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Alicia St RoseFlag for United States of America

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Pseudo element :first-child isn't working

Hi,
I can't figure out why :first-child isn't working to remove the border at the top of the first entry. I can't even get the rule to show up in Firebug when it's in my CSS.
I've got this:

.blog .hentry {
	border-top: 1px solid #c54d05;
	}
  .blog .hentry:first-child {
       border: none;
	}

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http://sandbox.intrepidrealist.com/lamaraheartwell/blog

Thanks!
Avatar of David S.
David S.
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The first thing to do is to correct the 6 CSS errors (not counting the "behavior" property ones). http://jigsaw.w3.org/css-validator/

If you're not going to specify a value for a property, either remove it or comment it out.

That rule is not being applied because the first element with the "hentry" class is not the first child of its parent. You want to use the ":first-of-type" pseudo-class instead of ":first-child".

P.S. ":first-child" is a pseudo-class, not a pseudo-element. One way to think about it is that pseudo-elements don't exist in the DOM.
the reason youre not seeing it is because its not there :)
I can't believe anyone would expect thing to go without a hitch when there are 10, 12, or more classes applied to a single element.  They are called cascading stylesheets for a reason.

Cd&
Avatar of Alicia St Rose

ASKER

Thanks Kravimir,
First I've heard of
:first-of-type

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a true sign that my CSS Pocket reference is out of date! Anyway, I've applied your solution like this:

.blog .hentry {
    border-top: 1px solid #c54d05;
    }
.blog .hentry:first-of-type {
    border-top: none;
    }

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And I'm still not seeing the top border disappear. Am I still doing something wrong?

 I corrected the CSS errors. A good idea to comment them out. I had them there in case I was going to use, then delete before going live. I'm working from a parent theme that has a lot of styles I often change. I think I'm going to use the Skeleton theme from now on. No pre-existing styles, just mine!

And thank you for the tip on pseudo elements vs classes!

COBOLdinosaur: you might want to ask Justin Tadlock about the classes. He's the one who built the theme, Hybrid, that I use as a framework. I imagine he added them for infinite styling options of a child theme built from Hybrid.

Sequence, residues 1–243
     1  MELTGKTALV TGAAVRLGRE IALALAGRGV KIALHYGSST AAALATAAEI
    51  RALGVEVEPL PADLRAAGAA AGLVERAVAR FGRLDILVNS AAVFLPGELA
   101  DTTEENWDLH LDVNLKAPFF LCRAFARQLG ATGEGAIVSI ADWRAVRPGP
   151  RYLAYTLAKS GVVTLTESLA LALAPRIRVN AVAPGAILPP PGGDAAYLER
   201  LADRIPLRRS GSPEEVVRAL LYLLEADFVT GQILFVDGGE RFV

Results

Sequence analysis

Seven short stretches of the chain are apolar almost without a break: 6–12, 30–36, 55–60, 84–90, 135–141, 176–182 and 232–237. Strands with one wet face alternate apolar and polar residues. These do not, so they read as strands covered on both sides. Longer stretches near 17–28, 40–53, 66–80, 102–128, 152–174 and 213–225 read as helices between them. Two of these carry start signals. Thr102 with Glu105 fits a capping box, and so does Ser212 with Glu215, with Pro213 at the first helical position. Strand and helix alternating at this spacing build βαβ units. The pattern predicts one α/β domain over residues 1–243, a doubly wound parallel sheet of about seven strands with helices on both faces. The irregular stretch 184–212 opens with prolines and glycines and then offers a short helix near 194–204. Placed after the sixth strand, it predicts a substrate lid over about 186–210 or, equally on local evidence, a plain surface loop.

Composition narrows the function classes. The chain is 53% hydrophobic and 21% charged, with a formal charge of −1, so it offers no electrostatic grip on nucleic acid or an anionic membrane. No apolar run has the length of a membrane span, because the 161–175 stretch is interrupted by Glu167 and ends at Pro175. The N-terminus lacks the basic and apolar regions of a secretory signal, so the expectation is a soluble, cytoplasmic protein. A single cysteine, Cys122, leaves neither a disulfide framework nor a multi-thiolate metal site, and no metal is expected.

ASKER CERTIFIED SOLUTION
Avatar of Chris Stanyon
Chris Stanyon
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FYI - first-of-type doesn't work with classes. It for selecting element of a given type (DIV, P etc), so this won't work:

.blog .hentry:first-of-type { }

But this will

.blog div:first-of-type { }

Although not in IE8 or less :(
Hmm... I don't know how I didn't know this (perhaps because I haven't used them much because IE7 doesn't support most of the selectors new in CSS3), but ":first-of-type" literally means the element type, which in this case is "div". The problem here is that while the first-child has completely different class(es) it's also a <div>.

While we could use ":nth-of-type(2)", a more robust workaround is to use the "general sibling" selector:
.blog .hentry, .blog .hentry ~ .hentry {
  border-top: 1px solid #c54d05;
}
.blog .hentry {
  border-top: none;
}

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which in this case could be shortened to a single rule, which selects all elements with the class "hentry" that have a previous sibling with the class "hentry":
.blog .hentry ~ .hentry {
  border-top: 1px solid #c54d05;
}

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I recommend SitePoint's CSS Reference. Here's the relevant section: http://reference.sitepoint.com/css/css3psuedoclasses

Out of curiosity, which edition of the Pocket Reference do you have?
Wow! I learned so much from this question!
Thanks everyone!
ChrisStanyon has offered the clearest and most accessible solution.

Thank you so much.
Out of curiosity, which edition of the Pocket Reference do you have?


Kravimir, you don't really want to know...
Okay...2nd edition, 2004.  :|

But I do most of my searching online...
You're welcome.

Yeah, I can see how using the class is clearer than the general sibling selector.

Another solution using the class would be to use the ":not()" selector (but it won't work in IE8 and older):
.blog .hentry:not(.post-1) { border-top: 1px solid #c54d05; 	}

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